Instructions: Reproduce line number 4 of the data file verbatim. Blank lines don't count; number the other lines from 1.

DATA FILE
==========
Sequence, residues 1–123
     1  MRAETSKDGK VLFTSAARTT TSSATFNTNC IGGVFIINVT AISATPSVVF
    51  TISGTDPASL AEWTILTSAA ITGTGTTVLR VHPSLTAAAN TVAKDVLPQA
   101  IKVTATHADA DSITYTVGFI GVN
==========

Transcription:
   101  IKVTATHADA DSITYTVGFI GVN